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Posted by on Dec 27, 2011 in Down Payments, Market Conditions | 10 comments | Print Print

Cash Homebuyers Increased

From NMN:

Nearly four out of every ten homes sold in 2011 have been purchased for cash on the barrelhead, according to a preliminary count by Housing Intelligence.

Despite record low mortgage rates for most of the year, 38% of all homes sold will be all greenbacks, no mortgage involved, HI reports. That’s up from 34% in 2010 and double the rate of all-cash deals recorded in 2006.

And the trend is likely to continue, at least in the near term, the research wing of the Hanley-Wood publishing company suggests, as long as investors continue to take down a big share of the properties for sale, especially in which the previous owner was in some sort of duress.

For the record, 20% of all housing sales in 2007 were for cash. In 2008, the figure jumped to 26%. And in 2009, it moved up again to 31%.

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How did we do around San Diego County in 2011?

Price Range Cash Purchases Total Sales %%
$0-500,000
7,402
25,271
29.3%
$501-$1.0M
882
5,181
17.0%
$1.0 million+
500
1,460
34.2%
Total
8,784
31,912
27.5%

I haven’t come across one buyer yet who had to pay cash because they couldn’t qualify for a loan. 

10 Comments

  1. “I haven’t come across one buyer yet who had to pay cash because they couldn’t qualify for a loan.”

    Trying your luck as a comedian now ?

  2. See what I get for being a nice guy and let you back in for a week?

    You’re blocked for good now.

  3. Kind of an interesting breakdown and it probably shows that in the $500K-$1million space you’re competing against other owner occupiers while in the low end you’re competing against investors and in the high end you’re competing against the serious wealth.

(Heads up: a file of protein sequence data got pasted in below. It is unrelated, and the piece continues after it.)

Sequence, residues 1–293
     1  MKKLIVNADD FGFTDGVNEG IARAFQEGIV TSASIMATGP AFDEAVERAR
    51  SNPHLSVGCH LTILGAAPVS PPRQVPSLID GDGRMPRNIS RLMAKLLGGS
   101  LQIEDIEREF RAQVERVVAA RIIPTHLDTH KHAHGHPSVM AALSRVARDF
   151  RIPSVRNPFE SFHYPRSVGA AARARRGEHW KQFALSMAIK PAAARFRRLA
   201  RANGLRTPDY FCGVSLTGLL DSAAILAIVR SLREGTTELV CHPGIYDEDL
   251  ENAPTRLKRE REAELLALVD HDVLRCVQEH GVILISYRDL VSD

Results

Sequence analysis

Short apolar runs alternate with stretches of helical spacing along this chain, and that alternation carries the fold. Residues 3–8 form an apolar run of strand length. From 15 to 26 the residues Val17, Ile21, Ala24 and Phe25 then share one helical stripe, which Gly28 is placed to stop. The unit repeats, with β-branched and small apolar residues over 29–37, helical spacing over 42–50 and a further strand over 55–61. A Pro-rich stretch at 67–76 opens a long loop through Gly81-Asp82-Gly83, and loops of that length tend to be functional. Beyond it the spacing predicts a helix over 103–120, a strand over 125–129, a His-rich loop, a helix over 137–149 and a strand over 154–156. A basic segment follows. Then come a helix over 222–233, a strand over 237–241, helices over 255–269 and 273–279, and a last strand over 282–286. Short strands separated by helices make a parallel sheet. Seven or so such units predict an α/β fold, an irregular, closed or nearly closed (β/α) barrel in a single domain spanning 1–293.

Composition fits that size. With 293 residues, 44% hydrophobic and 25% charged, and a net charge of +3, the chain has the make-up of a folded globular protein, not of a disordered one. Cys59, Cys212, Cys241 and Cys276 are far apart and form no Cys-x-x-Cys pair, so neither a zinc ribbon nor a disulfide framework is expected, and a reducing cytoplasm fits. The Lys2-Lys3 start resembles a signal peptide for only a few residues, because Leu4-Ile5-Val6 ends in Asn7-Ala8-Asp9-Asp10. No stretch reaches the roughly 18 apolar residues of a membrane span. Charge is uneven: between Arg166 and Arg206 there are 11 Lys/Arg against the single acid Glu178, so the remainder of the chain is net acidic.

4. Don’t mistake “cash” for cash.

    One’s account at Merrill will offer a 2% line…so why take out a mortage….just write a check from the ML account.

  5. We almost had to fund with cash because the loan wasn’t funding on time. Short sales suck!

  6. I had to pay cash because I could not get a loan. I wash self employed but not working now.

  7. I’m sure there are a few, and there is one.

    It is gutsy to buy a house without a job, because the cost of homeownership doesn’t slow down, typically. Congratulations Mike.

  8. From CR:

    http://www.calculatedriskblog.com/2011/12/lawler-completed-foreclosure-sales-in.html

    From economist Tom Lawler:

    While data on the number of loans either seriously delinquent or in the foreclosure process suggested that an increase in the number of residential properties lost to foreclosure this year was a “slam dunk,” incoming data suggest that in fact the numbers will be down significantly from 2010, and will in fact probably come in at the lowest level since 2007!

  9. I was beat by a all-cash offer even though I bid $20,000 more than the final selling price.

  10. Any investor with more than four Fannie/Freddie loans is paying cash. A lot of asset managers prefer cash because the deal is more likely to close and will take lower cash offers. In some markets, foreign money is pouring in – e.g. Canadians in Phoenix and Chinese buyers in California. A lot of these folks are all cash buyers.

    Given currency exchange rates and yields on conpeting investments, real estate looks darn good. Leverage can enhance your yield, but if you can’t get a loan or you are risk-averse, why not just pay cash?

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